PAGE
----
Search Images Maps Play YouTube News Gmail Drive More »
Sign in
Screen reader users: click this link for accessible mode. Accessible mode has the same essential features but works better with your reader.

Patents

  1. Advanced Patent Search
Publication numberUS6301298 B1
Publication typeGrant
Application numberUS 09/185,416
Publication dateOct 9, 2001
Filing dateNov 3, 1998
Priority dateNov 3, 1998
Fee statusPaid
Publication number09185416, 185416, US 6301298 B1, US 6301298B1, US-B1-6301298, US6301298 B1, US6301298B1
InventorsThomas L. Kuntz, Nikhil Deshpande
Original AssigneeTektronix, Inc.
Export CitationBiBTeX, EndNote, RefMan
External Links: USPTO, USPTO Assignment, Espacenet
Adaptive equalizer with complex signal regeneration and method of operation
US 6301298 B1
Abstract
An adaptive equalizer for use in a digital transmission receiver includes Q-channel regeneration. A equalization filter produces complex valued equalized signal samples representative of a digital transmission signal. A slicer produces ideal real component values of the equalized signal samples. A Q-regeneration filter produces ideal imaginary component values of the equalized signal samples from the ideal real component values. The ideal real and imaginary component values are combined with the component values of the equalized signal samples to produce a complex valued error signal. The error signal is fed back to scale update values for updating coefficient values of the equalization filter. Delays in the equalizer provide storage to synchronize various equalizer signal and component values with the Q-regeneration filter output.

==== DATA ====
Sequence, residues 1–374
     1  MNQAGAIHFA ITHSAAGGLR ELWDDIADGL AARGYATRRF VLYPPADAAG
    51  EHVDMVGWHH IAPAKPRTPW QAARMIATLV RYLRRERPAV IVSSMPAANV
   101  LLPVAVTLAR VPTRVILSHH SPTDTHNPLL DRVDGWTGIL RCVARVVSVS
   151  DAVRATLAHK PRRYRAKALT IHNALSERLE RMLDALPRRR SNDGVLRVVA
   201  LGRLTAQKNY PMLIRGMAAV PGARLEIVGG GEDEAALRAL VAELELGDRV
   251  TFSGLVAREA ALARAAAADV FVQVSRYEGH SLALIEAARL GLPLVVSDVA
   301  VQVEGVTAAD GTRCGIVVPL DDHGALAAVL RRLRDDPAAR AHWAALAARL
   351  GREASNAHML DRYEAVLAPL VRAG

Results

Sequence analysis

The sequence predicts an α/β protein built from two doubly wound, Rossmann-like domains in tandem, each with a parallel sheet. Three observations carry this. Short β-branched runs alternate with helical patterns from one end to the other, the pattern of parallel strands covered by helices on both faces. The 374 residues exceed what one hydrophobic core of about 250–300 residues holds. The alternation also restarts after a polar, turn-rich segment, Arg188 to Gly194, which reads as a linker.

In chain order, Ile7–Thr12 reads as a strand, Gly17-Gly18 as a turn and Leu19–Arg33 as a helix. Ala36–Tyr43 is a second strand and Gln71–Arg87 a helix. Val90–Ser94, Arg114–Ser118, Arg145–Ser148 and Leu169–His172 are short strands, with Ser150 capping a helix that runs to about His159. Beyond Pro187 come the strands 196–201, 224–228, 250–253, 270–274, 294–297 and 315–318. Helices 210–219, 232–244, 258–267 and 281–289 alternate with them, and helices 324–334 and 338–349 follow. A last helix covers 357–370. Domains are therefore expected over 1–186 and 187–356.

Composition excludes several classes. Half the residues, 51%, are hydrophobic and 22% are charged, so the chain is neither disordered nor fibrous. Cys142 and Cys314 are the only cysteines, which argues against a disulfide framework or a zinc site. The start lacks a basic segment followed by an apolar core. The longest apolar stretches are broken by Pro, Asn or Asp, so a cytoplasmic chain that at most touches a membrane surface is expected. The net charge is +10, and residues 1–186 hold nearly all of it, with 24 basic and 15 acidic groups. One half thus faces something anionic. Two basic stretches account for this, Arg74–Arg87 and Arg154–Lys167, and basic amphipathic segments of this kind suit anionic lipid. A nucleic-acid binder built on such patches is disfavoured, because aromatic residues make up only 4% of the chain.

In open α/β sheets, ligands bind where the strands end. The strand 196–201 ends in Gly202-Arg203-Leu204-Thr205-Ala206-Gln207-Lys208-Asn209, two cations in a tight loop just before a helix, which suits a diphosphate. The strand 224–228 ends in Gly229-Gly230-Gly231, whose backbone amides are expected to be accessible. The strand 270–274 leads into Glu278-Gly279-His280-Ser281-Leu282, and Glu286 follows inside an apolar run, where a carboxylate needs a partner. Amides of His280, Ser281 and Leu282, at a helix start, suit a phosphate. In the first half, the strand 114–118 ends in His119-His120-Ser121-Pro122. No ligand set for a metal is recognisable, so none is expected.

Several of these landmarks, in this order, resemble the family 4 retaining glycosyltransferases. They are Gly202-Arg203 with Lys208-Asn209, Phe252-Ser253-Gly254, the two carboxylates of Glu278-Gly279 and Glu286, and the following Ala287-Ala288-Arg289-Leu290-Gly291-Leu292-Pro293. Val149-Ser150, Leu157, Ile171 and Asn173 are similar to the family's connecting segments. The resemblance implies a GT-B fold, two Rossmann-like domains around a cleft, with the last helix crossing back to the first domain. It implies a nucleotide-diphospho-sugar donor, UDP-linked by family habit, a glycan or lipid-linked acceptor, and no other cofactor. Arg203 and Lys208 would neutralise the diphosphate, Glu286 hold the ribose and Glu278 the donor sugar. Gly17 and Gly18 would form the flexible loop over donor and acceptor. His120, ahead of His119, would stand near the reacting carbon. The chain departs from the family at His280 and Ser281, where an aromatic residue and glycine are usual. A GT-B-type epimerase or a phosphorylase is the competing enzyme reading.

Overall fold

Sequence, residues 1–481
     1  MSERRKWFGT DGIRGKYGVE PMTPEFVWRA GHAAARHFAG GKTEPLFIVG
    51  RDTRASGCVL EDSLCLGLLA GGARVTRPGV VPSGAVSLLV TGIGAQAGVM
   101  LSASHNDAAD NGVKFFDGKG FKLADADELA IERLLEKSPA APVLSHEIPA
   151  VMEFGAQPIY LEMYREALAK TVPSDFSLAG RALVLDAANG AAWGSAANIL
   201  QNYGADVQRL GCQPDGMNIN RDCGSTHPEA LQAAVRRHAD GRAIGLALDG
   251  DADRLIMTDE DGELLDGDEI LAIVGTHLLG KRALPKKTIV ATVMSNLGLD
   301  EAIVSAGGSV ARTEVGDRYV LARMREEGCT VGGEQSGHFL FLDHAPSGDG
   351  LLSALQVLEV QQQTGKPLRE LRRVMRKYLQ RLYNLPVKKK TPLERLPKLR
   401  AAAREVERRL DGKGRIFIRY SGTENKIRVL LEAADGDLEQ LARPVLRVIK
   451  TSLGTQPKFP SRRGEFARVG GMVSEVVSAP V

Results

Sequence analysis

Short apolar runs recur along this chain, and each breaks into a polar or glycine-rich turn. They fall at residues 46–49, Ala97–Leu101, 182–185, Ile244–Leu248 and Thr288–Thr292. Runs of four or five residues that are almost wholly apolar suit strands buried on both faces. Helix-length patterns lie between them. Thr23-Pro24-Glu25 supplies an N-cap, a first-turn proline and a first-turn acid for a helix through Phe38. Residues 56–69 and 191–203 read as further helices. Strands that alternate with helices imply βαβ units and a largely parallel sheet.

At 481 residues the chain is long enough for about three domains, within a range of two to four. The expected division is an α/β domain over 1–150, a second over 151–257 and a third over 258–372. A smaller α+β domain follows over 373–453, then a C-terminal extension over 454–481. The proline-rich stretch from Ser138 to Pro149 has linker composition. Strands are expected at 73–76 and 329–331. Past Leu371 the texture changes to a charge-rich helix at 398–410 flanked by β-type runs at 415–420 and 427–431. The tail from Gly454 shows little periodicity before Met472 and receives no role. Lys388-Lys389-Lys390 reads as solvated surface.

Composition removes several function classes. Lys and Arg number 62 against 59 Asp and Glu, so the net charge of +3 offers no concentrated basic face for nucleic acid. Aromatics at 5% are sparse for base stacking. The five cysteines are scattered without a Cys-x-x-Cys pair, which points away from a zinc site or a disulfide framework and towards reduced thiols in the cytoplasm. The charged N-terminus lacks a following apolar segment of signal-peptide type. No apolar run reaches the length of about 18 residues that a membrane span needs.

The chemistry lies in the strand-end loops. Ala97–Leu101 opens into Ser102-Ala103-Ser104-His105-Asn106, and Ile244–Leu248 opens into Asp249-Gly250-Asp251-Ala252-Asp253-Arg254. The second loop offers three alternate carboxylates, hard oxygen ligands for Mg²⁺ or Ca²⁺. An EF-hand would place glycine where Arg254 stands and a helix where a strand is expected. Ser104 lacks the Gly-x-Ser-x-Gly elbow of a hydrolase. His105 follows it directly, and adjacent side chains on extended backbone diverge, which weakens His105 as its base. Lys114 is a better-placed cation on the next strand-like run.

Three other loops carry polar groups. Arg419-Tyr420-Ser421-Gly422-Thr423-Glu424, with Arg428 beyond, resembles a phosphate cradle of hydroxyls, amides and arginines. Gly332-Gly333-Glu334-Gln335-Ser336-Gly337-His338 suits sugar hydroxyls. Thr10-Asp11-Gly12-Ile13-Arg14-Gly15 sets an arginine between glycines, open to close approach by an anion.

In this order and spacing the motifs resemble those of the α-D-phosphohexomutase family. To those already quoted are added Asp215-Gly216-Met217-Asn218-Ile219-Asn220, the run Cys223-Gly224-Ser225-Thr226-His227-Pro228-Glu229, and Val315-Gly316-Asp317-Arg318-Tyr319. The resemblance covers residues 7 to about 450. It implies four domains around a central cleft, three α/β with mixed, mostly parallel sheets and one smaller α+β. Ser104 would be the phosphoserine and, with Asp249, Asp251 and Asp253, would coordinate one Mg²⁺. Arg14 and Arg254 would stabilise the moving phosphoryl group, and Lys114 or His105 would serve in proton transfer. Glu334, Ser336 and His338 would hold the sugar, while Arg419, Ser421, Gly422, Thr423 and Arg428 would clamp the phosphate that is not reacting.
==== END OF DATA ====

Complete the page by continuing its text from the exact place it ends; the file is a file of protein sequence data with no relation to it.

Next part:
Images(5)